What are the three types of muscle fibers in the ciliary muscle? Longitudinal; Radial; Annular
Which muscle type lies adjacent to the supraciliaris? Longitudinal
Which muscle type is the middle transition? Radial
What is the innermost region of the ciliary muscle? Annular tissue
The ciliary stroma is highly vascularized, true or false? true
What type of tissue is the ciliary stroma made of? Loose, connective tissue
The ciliary stroma lies between which layers of the ciliary body? Between the muscle and epithelial layers
What forms the core of each of the ciliary processes? The ciliary stroma
Is the crystalline lens vascular? No, it is avascular.
What is the location of the crystalline lens? In the posterior chamber, anterior to the vitreous chamber.
Is the crystalline lens biconvex or biconcave? biconvex
What is the thickness of the unaccommodated lens? 3.5-5 mm
What is the diameter of the lens at infancy? 6.5 mm
What does the diameter of the lens reach during the teenage years, and then doesn't change much? 9.0 mm
How much does the thickness of the lens increase each year? .02 mm
What is the power of the unaccommodated lens? 20 diopters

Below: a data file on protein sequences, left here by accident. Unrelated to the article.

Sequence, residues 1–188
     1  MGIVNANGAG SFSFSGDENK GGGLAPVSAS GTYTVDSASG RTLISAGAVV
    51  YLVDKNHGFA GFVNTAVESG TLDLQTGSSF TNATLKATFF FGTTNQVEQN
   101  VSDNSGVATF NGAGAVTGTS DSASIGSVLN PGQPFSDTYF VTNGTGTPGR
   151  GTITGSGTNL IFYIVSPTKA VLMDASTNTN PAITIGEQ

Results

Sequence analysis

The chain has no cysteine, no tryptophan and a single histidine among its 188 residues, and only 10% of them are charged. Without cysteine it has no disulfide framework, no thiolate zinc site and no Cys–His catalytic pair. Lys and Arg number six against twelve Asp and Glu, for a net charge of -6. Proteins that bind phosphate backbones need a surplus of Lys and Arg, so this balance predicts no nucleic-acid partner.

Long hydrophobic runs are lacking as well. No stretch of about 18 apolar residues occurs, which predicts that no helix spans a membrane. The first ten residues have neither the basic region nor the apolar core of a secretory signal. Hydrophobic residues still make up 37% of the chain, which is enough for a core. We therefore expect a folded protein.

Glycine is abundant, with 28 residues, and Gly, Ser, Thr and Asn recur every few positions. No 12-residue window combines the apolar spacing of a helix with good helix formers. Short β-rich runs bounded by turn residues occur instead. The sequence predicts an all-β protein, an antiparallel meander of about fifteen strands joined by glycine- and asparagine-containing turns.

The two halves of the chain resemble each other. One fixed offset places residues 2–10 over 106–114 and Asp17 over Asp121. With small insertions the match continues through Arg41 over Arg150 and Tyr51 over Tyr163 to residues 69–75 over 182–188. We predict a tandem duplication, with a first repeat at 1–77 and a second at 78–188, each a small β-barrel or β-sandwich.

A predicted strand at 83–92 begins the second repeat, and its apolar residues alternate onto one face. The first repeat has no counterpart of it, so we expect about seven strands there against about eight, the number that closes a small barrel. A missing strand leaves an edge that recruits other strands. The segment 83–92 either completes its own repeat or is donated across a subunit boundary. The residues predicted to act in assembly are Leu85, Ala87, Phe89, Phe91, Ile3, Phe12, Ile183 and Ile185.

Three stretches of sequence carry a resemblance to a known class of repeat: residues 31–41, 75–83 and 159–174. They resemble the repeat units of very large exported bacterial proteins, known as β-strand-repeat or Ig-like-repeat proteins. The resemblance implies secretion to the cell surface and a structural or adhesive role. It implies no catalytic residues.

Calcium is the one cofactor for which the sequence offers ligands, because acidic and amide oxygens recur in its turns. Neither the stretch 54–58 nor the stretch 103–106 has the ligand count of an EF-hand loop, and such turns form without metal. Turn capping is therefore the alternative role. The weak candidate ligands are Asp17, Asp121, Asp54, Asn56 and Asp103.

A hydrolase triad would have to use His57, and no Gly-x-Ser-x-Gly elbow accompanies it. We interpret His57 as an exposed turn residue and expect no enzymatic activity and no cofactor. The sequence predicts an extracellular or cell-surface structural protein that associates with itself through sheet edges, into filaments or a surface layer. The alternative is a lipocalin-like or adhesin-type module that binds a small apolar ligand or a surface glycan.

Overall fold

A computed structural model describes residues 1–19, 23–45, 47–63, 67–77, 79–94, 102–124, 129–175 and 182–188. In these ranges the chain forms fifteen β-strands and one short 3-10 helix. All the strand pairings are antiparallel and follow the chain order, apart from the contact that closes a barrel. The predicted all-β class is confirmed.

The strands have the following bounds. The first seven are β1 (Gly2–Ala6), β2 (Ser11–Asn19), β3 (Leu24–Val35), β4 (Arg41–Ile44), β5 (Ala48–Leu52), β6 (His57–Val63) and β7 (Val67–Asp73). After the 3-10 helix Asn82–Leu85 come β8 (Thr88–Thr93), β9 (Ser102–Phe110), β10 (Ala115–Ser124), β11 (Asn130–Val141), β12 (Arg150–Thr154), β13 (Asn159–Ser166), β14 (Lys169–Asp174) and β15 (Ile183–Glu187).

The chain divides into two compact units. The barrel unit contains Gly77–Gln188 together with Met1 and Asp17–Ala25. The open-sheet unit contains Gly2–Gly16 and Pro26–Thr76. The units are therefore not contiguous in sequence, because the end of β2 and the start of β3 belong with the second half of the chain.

What the eye accommodates it __________ the power of the lens. increases
At what age do we have the max accommodative amplitude? Ages 8-12
What is the max acommodative amplitue? 14 diopters
At what age do you have zero accommodative power 50
What is the lens capsule? A transparent envelope that surrounds the entire lens
What is the lens capsule classified as? A basement membrane
What is the capsule primarily made of? collagen
The anterior capsule ________ with age. Thickens
What is the anterior capsule secreted by? anterior lens epithelium
The anterior lens capsule is how thick? 1 mm
Does the anterior lens epithelium produce new cells? Yes
The new cells in the anterior lens epithelium form the _______, when they elongate and the nuclei move with the cytoplasm. lens bow
Old cells go towards the ________________? embryonic nucleus
What are the primary lens fibers that form the very center of the crystalline lens? Embryonic nucleus
When are the fetal nucleus fibers laid down? Before birth